“The letter of the law deals with the acts of man; the spirit of the law takes note of his desires” (Aquarian Gospel 95:43).
“The letter of the law commands; you shall not kill; and he who kills must stand before the judgement seat. A person may desire to kill, yet if he does not kill he is not judged by law. The spirit of the law avers that he who shall desire to kill, or seeks revenge, is angry with a man without sufficient cause, must answer to the judge” (Aquarian Gospel 97:5-7).
“Before the eyes of law a man to steal must take a thing that can be seen with eyes of flesh, without the knowledge or consent of him to whom the thing belongs. But, lo, I say that he who in his heart desires to possess that which is not his own, and would deprive the owner of the thing without his knowledge or consent, is in the sight of God, a thief. The things that men see not with eyes of flesh are of more worth than are the things that man can see. A man’s good name is worth a thousand mines of gold, and he who says a word or does a deed that injures or defames that name has taken what is not his own, and is a thief. Upon a table of the law we also read: Thou shalt not covet anything. To covet is an all-consuming wish to have what is not right for one to have. And such a wish, within the spirit of the law, is theft” (Aquarian Gospel 98:17-23).
“The will is bridled by the flesh desires” (Aquarian Gospel 107:31).
One of the most interesting verses in the Aquarian Gospel speaks of Saint Mary Magdalene as “a courtesan who had been cured of her desire to sin” (Aquarian Gospel 104:14).
When this is done the Christ will take possession of the soul; the work is done, and man and God are one.
“Behold, I stand at the door, and knock: if any man hear my voice, and open the door, I will come in to him” (Revelation 3:20).
“He that hath my commandments, and keepeth them, he it is that loveth me: and he that loveth me shall be loved of my Father, and I will love him, and will manifest myself to him” ( John 14:21).
“Jesus answered and said unto him, If a man love me, he will keep my words: and my Father will love him, and we will come unto him, and make our abode with him” (John 14:23).
“Neither pray I for these alone, but for them also which shall believe on me through their word; that they all may be one; as thou, Father, art in me, and I in thee, that they also may be one in us: that the world may believe that thou hast sent me. And the glory which thou gavest me I have given them; that they may be one, even as we are one: I in them, and thou in me, that they may be made perfect in one; and that the world may know that thou hast sent me, and hast loved them, as thou hast loved me. Father, I will that they also, whom thou hast given me, be with me where I am; that they may behold my glory, which thou hast given me: for thou lovedst me before the foundation of the world. O righteous Father, the world hath not known thee: but I have known thee, and these have known that thou hast sent me. And I have declared unto them thy name, and will declare it: that the love wherewith thou hast loved me may be in them, and I in them” (John 17:20-26).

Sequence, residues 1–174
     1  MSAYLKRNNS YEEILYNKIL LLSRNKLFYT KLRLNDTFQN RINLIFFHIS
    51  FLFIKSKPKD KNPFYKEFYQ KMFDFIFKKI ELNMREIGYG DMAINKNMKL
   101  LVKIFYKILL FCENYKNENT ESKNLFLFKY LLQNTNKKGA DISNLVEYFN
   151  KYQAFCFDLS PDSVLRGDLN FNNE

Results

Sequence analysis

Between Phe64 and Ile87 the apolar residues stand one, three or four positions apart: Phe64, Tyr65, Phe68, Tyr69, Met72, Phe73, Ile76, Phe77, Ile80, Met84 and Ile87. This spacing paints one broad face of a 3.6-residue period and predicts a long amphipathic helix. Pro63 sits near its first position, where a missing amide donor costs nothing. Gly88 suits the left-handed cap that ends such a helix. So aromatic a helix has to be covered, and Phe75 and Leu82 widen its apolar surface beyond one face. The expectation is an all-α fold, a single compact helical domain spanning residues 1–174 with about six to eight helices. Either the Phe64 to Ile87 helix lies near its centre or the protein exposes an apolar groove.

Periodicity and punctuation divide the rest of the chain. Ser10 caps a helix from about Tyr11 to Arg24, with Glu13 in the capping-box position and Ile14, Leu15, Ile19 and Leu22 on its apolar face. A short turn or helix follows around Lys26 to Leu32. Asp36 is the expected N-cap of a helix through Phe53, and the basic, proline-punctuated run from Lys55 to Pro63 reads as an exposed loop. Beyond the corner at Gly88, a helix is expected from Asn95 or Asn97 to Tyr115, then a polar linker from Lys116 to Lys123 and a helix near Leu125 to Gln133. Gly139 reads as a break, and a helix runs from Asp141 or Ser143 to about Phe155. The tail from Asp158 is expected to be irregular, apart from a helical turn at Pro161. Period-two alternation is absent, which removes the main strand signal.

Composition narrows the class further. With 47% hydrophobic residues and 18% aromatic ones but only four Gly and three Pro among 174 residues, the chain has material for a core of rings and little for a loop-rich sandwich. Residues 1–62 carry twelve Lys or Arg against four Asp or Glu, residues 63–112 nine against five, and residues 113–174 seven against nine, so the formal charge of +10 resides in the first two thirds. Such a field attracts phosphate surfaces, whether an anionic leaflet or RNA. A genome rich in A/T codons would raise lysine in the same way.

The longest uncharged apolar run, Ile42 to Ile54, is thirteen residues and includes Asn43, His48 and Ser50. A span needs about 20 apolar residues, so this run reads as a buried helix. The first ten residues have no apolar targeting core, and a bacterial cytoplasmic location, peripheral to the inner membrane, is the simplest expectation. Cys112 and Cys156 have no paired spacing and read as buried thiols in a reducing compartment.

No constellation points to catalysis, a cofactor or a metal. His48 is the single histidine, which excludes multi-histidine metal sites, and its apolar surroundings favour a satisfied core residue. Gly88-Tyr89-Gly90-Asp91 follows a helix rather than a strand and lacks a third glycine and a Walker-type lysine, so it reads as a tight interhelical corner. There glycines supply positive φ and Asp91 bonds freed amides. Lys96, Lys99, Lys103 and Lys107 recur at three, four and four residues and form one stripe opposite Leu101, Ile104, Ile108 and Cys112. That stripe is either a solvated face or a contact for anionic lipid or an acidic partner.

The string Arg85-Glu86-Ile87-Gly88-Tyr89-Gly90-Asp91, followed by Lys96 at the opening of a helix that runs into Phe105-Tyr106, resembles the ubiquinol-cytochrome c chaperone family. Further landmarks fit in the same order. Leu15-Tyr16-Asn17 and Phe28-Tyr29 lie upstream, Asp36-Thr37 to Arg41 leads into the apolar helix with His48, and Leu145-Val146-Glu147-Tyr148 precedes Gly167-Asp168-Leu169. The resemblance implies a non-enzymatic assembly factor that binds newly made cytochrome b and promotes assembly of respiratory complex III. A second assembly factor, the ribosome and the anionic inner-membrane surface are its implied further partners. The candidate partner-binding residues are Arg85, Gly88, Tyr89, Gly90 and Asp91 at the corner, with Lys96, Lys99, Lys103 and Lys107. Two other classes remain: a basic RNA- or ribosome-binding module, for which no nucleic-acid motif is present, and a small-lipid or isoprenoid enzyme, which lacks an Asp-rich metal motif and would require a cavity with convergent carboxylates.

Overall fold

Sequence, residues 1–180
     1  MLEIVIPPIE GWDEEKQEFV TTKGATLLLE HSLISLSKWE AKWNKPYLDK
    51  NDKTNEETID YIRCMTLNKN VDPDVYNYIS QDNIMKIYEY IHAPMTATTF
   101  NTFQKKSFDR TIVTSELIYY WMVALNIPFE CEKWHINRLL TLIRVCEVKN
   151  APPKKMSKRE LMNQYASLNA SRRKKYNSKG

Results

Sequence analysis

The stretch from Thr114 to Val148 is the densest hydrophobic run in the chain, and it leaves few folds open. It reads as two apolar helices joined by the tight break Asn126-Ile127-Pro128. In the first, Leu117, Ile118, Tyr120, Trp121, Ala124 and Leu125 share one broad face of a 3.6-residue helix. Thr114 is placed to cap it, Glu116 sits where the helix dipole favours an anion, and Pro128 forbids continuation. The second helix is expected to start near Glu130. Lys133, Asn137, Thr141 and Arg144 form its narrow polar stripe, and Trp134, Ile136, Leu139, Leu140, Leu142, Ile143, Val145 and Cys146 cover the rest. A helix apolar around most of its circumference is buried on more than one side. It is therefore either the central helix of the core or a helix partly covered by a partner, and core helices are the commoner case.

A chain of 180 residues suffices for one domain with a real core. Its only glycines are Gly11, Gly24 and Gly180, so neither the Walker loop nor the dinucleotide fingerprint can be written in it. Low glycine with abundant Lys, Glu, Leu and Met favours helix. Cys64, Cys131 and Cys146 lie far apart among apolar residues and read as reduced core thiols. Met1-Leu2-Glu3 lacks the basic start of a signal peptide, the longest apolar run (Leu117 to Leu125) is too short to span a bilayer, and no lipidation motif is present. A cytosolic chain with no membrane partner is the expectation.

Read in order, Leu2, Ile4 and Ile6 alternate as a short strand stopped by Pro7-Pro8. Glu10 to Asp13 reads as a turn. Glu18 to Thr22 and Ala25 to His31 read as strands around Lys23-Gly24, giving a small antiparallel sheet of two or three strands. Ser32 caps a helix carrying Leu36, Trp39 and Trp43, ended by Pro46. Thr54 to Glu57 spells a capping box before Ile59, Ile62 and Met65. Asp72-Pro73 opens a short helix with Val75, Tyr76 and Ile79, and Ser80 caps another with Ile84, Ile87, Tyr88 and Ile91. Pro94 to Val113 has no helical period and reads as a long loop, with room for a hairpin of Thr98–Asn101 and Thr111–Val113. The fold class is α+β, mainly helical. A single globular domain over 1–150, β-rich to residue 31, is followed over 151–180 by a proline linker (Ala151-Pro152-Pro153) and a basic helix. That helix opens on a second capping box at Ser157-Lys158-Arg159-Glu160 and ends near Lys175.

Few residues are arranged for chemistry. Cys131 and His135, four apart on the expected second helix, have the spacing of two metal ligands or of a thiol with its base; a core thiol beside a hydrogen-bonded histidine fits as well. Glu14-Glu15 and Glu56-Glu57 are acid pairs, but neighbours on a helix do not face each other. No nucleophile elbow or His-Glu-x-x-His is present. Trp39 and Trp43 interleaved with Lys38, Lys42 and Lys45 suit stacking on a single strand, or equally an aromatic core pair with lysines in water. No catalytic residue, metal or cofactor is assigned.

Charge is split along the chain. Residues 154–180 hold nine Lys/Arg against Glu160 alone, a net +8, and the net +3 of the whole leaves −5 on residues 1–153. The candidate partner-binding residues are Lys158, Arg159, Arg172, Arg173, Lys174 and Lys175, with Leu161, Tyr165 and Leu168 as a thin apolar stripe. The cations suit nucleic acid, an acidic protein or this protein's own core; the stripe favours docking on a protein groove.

“And when all things shall be subdued unto him, then shall the Son also himself be subject unto him that put all things under him, that God may be all in all” (I Corinthians 15:28).
“One God and Father of all, who is above all, and through all, and in you all” (Ephesians 4:6).
The seventh Pillar
“And Philo wrote the seventh: A perfect man! To bring before the Triune God a being such as this was nature made. This consummation is the highest revelation of the mystery of life. When all the essences of carnal things have been transmuted into soul, and all the essences of soul have been returned to Holy Breath, and man is made a perfect God, the drama of Creation will conclude. And this is all” (Aquarian Gospel 59:13-16).
The purpose of all “things” is the perfection of the individual; all creation is meant to be a ladder of ascent to the Creator. There is no greater miracle than the divinization of humanity–no, not even creation is greater, for it is a simple matter for God to create; but for man to attain divinity is a result of incalculable effort. God is always God, but for an individual spirit to achieve infinity is simply incomprehensible.
For centuries Christian mystics have spoken of three stages in our attainment of perfection: purgative, illuminative, and unitive. Through purgation “all the essences of carnal things [are] transmuted into soul.” Then “all the essences of soul [are] returned to Holy Breath,” assumed into the Light of the Holy Spirit. Finally, “man is made a perfect God”–no longer an image or likeness of God, but actually “god” though full participation in the Divine Nature. Then “the drama of Creation will conclude. And this is all.” Nothing more remains to occur, for perfect unity prevails. Therefore: “And all the sages said, Amen” (Aquarian Gospel 59:17).
The Great Commission
“Then Meng-ste said, The Holy One has sent to us a man illumined by the efforts of unnumbered years, to lead the thoughts of men. This man, approved by all the master minds of heaven and earth, this man from Galilee, this Jesus, chief of all the sages of the world, we gladly recognize. In recognition of this wisdom that he brings to men, we crown him with the Lotus wreath. We send him forth with all the blessing of the seven sages of the world. Then all the sages laid their hands on Jesus’ head, and said with one accord, Praise God! For wisdom, honor, glory, power, riches, blessing, strength, are yours, O Christ, for evermore. And every living creature said, Amen. And then the sages sat in silence seven days” (Aquarian Gospel 59:18-25).
Again, the keynote is Silence.
Read the next section in the Aquarian Gospel for Yogis: The Declaration of Jesus